# Why this isn't second preimage resistance?

I've been reading on preimage resistance and trying out few examples for the same and I'm trying to figure out why the following hash function does not have the second preimage resistance and any suggestions would be appreciated.

$$h(M) = \operatorname{AES-Enc}\big(M[0\ldots n], M[(n+1)\ldots 2n]\big) \oplus M[0\ldots n]$$

For the given hash function, since we XOR the output of AES with the first half of the input message, if I consider a message all bits zero then my hash-function would simply resolve to $$\operatorname{AES-Enc}(0^n, 0^n)$$. Now to show it doesn't have second preimage resistance I understand, that I need to find another message $$M' != M$$. But, if I consider another message $$M'$$ which is an all bit 0 except last bit flipped then the hash function will be $$AES(0^n, 0^{n{-1}}1)$$ but the output, in this case, won't be the same as $$h(M)$$ and so on.. so I'm a bit confused at this point and any hint would be greatly appreciated!

• There's a problem with the statement: since "we XOR the output of AES with the first half of the input message", and said output is 128-bit, it must be that $n=127$ so that there are 128 bits in $M[0\ldots n]$ on the right of the expression. And then $M[(n+1)\ldots 2n]$ is 127-bit. Also, we are left to guess if that later thing is the key (in which case there is preimage resistance), or if this is data (in which case there is not, as explained in the answer).
– fgrieu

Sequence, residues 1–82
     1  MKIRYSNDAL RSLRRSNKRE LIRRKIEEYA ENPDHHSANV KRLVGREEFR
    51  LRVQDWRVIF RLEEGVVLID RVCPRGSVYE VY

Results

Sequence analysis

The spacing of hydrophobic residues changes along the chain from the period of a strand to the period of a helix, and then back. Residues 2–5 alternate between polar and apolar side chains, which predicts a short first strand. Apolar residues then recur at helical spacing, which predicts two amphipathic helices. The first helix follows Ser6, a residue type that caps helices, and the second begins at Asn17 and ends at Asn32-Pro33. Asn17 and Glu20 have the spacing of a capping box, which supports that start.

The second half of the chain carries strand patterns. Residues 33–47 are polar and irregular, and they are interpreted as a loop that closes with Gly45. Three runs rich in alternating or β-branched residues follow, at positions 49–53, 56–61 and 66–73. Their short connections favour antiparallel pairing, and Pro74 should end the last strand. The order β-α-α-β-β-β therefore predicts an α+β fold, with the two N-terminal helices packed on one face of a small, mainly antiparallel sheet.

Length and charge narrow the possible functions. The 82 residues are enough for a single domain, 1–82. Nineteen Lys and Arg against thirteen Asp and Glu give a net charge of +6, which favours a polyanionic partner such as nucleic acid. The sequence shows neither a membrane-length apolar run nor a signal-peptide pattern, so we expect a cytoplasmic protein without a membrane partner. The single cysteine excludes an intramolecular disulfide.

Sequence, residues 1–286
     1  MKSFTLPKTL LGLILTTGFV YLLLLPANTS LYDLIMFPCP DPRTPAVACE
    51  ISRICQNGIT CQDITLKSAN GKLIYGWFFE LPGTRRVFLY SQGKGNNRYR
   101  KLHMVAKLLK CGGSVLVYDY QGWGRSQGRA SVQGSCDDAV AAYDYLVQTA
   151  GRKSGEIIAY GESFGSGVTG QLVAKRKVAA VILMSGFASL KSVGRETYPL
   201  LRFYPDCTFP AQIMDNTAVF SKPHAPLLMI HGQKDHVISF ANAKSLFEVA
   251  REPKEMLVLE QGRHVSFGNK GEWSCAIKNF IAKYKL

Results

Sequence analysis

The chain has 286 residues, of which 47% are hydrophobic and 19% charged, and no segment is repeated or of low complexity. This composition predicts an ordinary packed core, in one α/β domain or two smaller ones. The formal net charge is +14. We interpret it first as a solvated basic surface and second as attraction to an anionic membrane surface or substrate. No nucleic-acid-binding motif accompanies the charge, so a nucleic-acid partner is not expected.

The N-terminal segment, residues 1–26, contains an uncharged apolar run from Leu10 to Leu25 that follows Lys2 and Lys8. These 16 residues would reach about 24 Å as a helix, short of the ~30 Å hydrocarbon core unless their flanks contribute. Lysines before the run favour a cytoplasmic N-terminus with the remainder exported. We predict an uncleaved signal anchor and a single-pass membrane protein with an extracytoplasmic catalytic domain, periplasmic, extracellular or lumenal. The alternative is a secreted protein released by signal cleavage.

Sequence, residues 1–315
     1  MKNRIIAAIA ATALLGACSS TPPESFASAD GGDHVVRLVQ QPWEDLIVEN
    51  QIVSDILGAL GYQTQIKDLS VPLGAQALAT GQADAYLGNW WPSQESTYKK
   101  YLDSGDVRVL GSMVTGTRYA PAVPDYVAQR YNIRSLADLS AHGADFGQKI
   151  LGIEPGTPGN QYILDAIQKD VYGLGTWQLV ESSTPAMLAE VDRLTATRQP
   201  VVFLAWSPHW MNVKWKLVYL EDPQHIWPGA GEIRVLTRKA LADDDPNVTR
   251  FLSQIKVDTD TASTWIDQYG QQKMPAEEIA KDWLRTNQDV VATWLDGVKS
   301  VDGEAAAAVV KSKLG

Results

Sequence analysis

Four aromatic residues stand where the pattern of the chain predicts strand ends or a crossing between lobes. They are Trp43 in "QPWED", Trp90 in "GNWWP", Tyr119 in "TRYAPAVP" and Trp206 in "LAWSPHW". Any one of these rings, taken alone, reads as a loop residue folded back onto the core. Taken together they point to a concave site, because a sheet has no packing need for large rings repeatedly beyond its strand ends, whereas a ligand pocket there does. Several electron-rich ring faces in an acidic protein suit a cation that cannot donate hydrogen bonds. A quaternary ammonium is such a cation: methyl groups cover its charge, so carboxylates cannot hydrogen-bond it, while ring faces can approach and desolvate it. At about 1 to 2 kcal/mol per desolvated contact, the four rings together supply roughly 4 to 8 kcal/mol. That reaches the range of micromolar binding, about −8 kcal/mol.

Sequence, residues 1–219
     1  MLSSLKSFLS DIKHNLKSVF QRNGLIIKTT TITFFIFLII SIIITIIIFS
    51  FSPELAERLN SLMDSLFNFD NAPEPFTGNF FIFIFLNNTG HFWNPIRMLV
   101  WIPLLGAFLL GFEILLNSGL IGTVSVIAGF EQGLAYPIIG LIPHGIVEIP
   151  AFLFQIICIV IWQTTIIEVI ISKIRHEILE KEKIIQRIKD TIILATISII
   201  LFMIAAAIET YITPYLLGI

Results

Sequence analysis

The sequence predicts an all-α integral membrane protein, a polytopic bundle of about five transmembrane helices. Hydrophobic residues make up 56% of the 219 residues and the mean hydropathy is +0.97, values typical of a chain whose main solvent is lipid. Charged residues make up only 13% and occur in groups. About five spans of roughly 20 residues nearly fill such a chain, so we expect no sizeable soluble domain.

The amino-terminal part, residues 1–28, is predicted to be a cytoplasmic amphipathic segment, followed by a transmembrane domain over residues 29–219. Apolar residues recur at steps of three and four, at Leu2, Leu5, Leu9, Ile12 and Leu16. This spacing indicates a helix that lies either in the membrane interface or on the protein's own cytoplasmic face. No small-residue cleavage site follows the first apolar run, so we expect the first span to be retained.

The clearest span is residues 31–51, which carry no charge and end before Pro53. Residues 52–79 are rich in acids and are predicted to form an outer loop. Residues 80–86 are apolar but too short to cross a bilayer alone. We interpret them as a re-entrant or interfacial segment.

Nov 7 '20 at 10:06
• Thanks @fgrieu! In the question I forgot to mention the input M for hash function is 256 bit which means M[0... n] is indeed 128 bits but I'm glad I didn't because your comment has given me an important tip for future reference and cases where the input is not necessarily 128 bits!
– Alex
Nov 7 '20 at 22:17
• Another way to make the same remark; there are $n+1$ bits in $M[0\ldots n]$, not $n$. That's why computer scientists count intervals with the second side excluded: $M[0\ldots 2n)=M[0\ldots n)\mathbin\|M[n\ldots 2n)$.
– fgrieu
Nov 8 '20 at 9:17
• @fgrieu sorry I misunderstood your earlier comment. Now I got what you mean. Thanks!
– Alex
Nov 8 '20 at 10:30

Using the hash function;

$$h(M) = \operatorname{AES-Enc}\big(M[0\ldots n], M[(n+1)\ldots 2n]\big) \oplus M[0\ldots n]$$

One can find many pre-images with the given hash value $$h$$

• take arbitrary $$M[0\ldots n]$$
• calculate $$x = M[0\ldots n] \oplus h$$
• Decrypt AES with the key $$M[0\ldots n]$$ and the ciphertext is $$x$$ $$m =\operatorname{AES-Dec}\big(M[0\ldots n],x\big)$$

let $$M[(n+1)\ldots 2n] = m$$ then we are done, found a pre-image. Now if the founded pre-image is different than the provided $$M$$ with the $$h = h(M)$$, then this is a second pre-image for the hash function. If not, one can look for others to find a secondary image for this hash function. Therefore, this is neither a pre-image resistant nor second pre-image resistant hash function.

We just used the property of AES that is a permutation under a key and the key is free to the attacker.

• Thanks @kelalaka for explaining this so well. I didn't thought of the decryption and was just focusing on the encryption aspect. Thanks again, much appreciated!
– Alex
Nov 7 '20 at 22:14